Excerpt From: Carolina Journal. Written By: John Trump.
In North Carolina, more than 40 distilleries are now producing and selling liquor. Many offer tours and subsequent tastings.
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Distilleries refer customers who want more liquor to a local ABC store, where sales aren’t limited. Some people go but many others don’t, and the respective distillery loses sales and the resultant revenue.
A bipartisan bill filed Thursday would change that.
Senate Bill 155, by Sen. Rick Gunn, R-Alamance, would increase purchase limits from one bottle to five bottles per customer. It would allow the creation of a special permit letting distilleries offer free tastings at events, such as trade shows, conventions, street festivals and, following the lead of other states, state ABC stores. Distillers could pour no more than 1.5 ounces in total per customer.
Another provision in the bill would allow restaurants to sell alcohol starting at 10 a.m. Sunday, according to local rules. Other primary sponsors of S.B. 155 are Sen. Dan Blue, D-Wake; and Sen. Kathy Harrington, R-Gaston. The bills was referred to the Committee on Rules and Operations of the Senate.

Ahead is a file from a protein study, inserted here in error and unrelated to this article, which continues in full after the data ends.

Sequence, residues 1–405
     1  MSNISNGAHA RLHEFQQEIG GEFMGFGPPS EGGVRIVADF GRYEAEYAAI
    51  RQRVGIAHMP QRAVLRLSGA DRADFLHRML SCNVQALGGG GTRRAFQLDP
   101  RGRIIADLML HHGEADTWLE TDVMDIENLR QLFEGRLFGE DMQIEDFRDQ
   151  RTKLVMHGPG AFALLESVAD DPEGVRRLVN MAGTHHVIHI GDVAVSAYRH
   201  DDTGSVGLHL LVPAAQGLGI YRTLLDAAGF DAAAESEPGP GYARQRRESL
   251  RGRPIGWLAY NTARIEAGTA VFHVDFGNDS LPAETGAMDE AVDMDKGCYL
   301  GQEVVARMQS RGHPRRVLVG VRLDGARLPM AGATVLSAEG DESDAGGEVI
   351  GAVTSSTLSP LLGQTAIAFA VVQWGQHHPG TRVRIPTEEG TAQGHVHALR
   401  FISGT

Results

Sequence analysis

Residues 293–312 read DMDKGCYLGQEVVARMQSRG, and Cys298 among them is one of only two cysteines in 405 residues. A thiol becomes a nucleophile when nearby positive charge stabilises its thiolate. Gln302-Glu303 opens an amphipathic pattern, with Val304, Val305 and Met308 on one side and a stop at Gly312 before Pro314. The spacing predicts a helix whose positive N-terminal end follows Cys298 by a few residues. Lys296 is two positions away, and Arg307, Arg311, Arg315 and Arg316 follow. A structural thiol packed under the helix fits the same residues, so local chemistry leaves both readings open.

The “one-bottle law,” which became effective in October 2015, was a catalyst for entrepreneurs and nascent distillers. Many of North Carolina’s alcohol laws date to the 1930s, and the state didn’t lift its ban on making liquor until 1979. North Carolina didn’t get its first legal distillery until 2005, when Piedmont Distillers of Madison came online.
Wineries and breweries have grown exponentially, although each continues to fight their own regulatory battles. Distilleries, it can be argued, have been badly outmanned and outgunned by ungainly piles of rules, regulations and resistance.
Their perseverance is starting to pay off.